Obama Sworn in Amid Celebrity Serenades; Makes Plea for Equality in Second Term
The president became the first chief executive to use his inaugural speech to endorse gay rights and marriage equality. He also reaffirmed his commitment to fight climate change.
WASHINGTON -- Serenaded by music stars, greeted by a traditional 21-gun salute and watched by a beaming First Lady and their two daughters, President Barack Obama took the ceremonial oath of office Monday to begin his second term.
Chief Justice John Roberts administered the ceremonial oath to Obama, while Justice Sonia Sotomayor, the Supreme Court’s first Latina member, took Vice President Joe Biden through his oath. Justice Antonin Scalia, distinctive in the black head gear usually worn by European judges and law professors looked on, as did former chief executives Bill Clinton and Jimmy Carter.
The president’s second inaugural address, which began slowly and built to a rhetorical crescendo, drew strongly on themes of political and economic equality and diversity and, while endorsing deficit reduction, featured a ringing defense of some of the social programs congressional Republicans are most eager to cut. In the first inaugural address to speak directly of gay and lesbian Americans, the president placed a key event in the gay rights movement -- the Stonewall incident -- in a line of milestones during the struggle for women's suffrage and equal rights for African Americans, then went on to explicitly endorse marriage equality.
"We, the people, declare today that the most evident of truths – that all of us are created equal – is the star that guides us still; just as it guided our forebears through Seneca Falls, and Selma, and Stonewall; just as it guided all those men and women, sung and unsung, who left footprints along this great Mall, to hear a preacher say that we cannot walk alone; to hear a King proclaim that our individual freedom is inextricably bound to the freedom of every soul on Earth. ... Our journey is not complete until our gay brothers and sisters are treated like anyone else under the law – for if we are truly created equal, then surely the love we commit to one another must be equal as well," Obama said.
First Lady Michelle Obama was attired in a quietly striking navy Thom Browne coat and dress, a belt from J.Crew, a cardigan designed by Reed Krakoff and a necklace by Cathy Waterman. She also wore J.Crew shoes. Older daughter Malia wore a J.Crew ensemble, while Sasha was attired in a Kate Spade coat and dress.
Though not quite the star-splashed affair his first inauguration was, Obama’s presidential sequel has drawn a strong cadre of Hollywood and entertainment industry loyalists, including: Tennis Channel head Ken Solomon and his family; soap opera producers Colleen and Bradley Bell; star interior designer Michael Smith and his partner HBO exec James Costos; LGBT leaders Barry Karas and Dana Perlman, and industry money manager John Emerson and his filmily.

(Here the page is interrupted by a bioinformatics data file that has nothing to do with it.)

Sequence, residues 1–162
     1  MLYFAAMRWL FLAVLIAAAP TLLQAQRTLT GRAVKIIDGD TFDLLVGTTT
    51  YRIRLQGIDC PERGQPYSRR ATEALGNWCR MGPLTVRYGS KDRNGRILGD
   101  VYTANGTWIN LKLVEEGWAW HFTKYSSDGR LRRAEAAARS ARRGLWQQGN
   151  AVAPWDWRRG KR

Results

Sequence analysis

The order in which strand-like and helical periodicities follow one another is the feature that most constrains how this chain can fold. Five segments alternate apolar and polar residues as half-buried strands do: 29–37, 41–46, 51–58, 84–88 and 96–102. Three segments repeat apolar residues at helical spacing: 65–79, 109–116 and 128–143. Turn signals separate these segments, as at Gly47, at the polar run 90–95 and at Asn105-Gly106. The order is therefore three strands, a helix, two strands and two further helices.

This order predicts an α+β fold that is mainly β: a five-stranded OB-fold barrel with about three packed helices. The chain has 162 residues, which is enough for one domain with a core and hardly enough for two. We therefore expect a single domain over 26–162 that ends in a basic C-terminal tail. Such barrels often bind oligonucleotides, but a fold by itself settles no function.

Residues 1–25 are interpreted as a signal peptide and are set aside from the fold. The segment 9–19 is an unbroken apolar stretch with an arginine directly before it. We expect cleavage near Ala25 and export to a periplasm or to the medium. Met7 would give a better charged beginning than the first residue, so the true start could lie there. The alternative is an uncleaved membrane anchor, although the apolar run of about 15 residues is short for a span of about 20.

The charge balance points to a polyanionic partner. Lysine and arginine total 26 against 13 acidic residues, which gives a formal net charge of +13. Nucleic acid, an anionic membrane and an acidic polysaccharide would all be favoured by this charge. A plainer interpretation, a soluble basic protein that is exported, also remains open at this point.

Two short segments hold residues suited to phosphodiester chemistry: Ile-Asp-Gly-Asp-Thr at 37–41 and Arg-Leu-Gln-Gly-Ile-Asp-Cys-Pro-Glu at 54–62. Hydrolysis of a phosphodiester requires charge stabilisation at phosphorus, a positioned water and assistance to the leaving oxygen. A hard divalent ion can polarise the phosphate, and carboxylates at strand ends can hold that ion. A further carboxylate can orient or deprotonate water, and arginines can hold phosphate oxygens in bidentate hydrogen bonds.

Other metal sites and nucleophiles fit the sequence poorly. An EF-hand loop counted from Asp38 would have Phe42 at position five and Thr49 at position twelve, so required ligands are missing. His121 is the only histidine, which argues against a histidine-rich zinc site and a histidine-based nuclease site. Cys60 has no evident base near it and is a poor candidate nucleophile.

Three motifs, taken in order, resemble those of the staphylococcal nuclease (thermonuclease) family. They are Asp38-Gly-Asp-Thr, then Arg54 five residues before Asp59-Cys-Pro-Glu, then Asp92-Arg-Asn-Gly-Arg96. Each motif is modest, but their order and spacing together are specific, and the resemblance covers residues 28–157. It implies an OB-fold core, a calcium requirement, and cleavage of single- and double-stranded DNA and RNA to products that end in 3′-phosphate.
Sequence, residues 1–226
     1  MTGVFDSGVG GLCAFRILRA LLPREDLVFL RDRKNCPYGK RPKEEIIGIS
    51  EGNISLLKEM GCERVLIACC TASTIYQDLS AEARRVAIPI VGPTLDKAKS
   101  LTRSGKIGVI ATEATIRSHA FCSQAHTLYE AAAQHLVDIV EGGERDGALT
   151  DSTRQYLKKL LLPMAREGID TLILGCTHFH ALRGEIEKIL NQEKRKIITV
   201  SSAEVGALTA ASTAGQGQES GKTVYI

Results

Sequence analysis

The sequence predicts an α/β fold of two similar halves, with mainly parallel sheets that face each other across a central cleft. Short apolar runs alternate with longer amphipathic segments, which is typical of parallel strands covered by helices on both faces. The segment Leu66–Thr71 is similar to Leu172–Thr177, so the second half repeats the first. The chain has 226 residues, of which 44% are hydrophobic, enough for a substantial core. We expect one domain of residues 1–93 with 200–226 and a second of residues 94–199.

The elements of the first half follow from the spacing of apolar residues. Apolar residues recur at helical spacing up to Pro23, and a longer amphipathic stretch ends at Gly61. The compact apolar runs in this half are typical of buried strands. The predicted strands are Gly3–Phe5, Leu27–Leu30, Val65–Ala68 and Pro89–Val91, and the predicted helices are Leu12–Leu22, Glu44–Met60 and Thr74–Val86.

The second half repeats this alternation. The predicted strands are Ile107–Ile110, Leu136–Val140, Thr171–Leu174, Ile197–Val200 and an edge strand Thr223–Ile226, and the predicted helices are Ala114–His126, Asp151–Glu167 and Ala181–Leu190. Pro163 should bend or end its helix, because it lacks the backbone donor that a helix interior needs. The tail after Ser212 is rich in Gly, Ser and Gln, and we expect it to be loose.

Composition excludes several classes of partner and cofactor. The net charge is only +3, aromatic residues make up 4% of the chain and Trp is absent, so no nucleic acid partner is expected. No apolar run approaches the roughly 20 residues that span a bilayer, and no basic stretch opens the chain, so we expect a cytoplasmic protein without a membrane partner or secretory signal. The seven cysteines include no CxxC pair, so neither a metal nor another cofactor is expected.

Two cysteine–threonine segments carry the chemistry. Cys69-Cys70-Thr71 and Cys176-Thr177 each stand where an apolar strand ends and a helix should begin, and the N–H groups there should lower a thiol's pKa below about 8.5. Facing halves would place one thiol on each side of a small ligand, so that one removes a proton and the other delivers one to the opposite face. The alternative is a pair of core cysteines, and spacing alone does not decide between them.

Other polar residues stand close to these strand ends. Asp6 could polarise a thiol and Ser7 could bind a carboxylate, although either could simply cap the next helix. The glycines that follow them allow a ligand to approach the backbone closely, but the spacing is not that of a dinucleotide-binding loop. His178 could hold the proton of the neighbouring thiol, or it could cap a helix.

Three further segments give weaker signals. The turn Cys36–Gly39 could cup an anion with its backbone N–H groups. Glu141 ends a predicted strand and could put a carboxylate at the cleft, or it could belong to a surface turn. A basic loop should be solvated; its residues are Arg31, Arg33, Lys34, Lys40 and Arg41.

The music industry, however, has been amply represented throughout the festivities. As part of Monday’s official ceremonies, Beyonce, Kelly Clarkson and James Taylor performed the national anthem, "My Country, 'Tis of Thee" and "America the Beautiful." In a nod to the President’s well-known admiration for Abraham Lincoln -- Steven Spielberg and Daniel Day-Lewis were recently White House dinner guests -- an award-winning Mormon choir performed a stirring version of “The Battle Hymn of the Republic” while Obama turned to look on with obvious appreciation.
On Monday evening, Jennifer Hudson serenaded the Obamas during their first dance at the Commander-in-Chief Ball with a rousing rendition of Al Green's "Let's Stay Together." Jamie Foxx reprised his Oscar-winning Ray Charles role by singing "I Can't Stop Loving You" for the Bidens' first dance. And Alicia Keys crafted new lines for her song "Girl on Fire," singing "everyone knows Michelle is his girl and together they're gonna run the world. Obama's on fire…"
Sunday night Stevie Wonder performed at a concert for the president’s campaign workers. Tuesday evening Lady Gaga will give a invitation-only concert for Democrats who worked on the president’s reelection campaign.
The First Family began Inauguration Day with religious services at St. John’s Cathedral, where they heard readings and homilies from a variety of Protestant ministers, a rabbi and Cardinal Donald Wuerl, the Roman Catholic Archbishop of Washington.
Obama actually took the official oath of office for a second time Sunday in a brief midday ceremony witnessed almost entirely by family members. Afterward, some of his leading entertainment industry supporters joined the First Family for a celebratory reception.
The short swearing-in ceremony was held in the most formal of the White House’s oval reception chambers, the Blue Room. The President was flanked by the First Lady, who held the Bible on which he swore his oath, and their daughters Sasha and Malia. The sacred text on which he rested his hand as Chief Justice Roberts administered the solemn oath of office is an heirloom of his in-laws’ family, presented by the First Lady’s father, Fraser Robinson, to his own mother, LaVaughn Delores Robinson, who was the first African American to manage a Moody Bible Store.
As President Obama completed the oath, he turned to his daughters and quipped, “I did it.”
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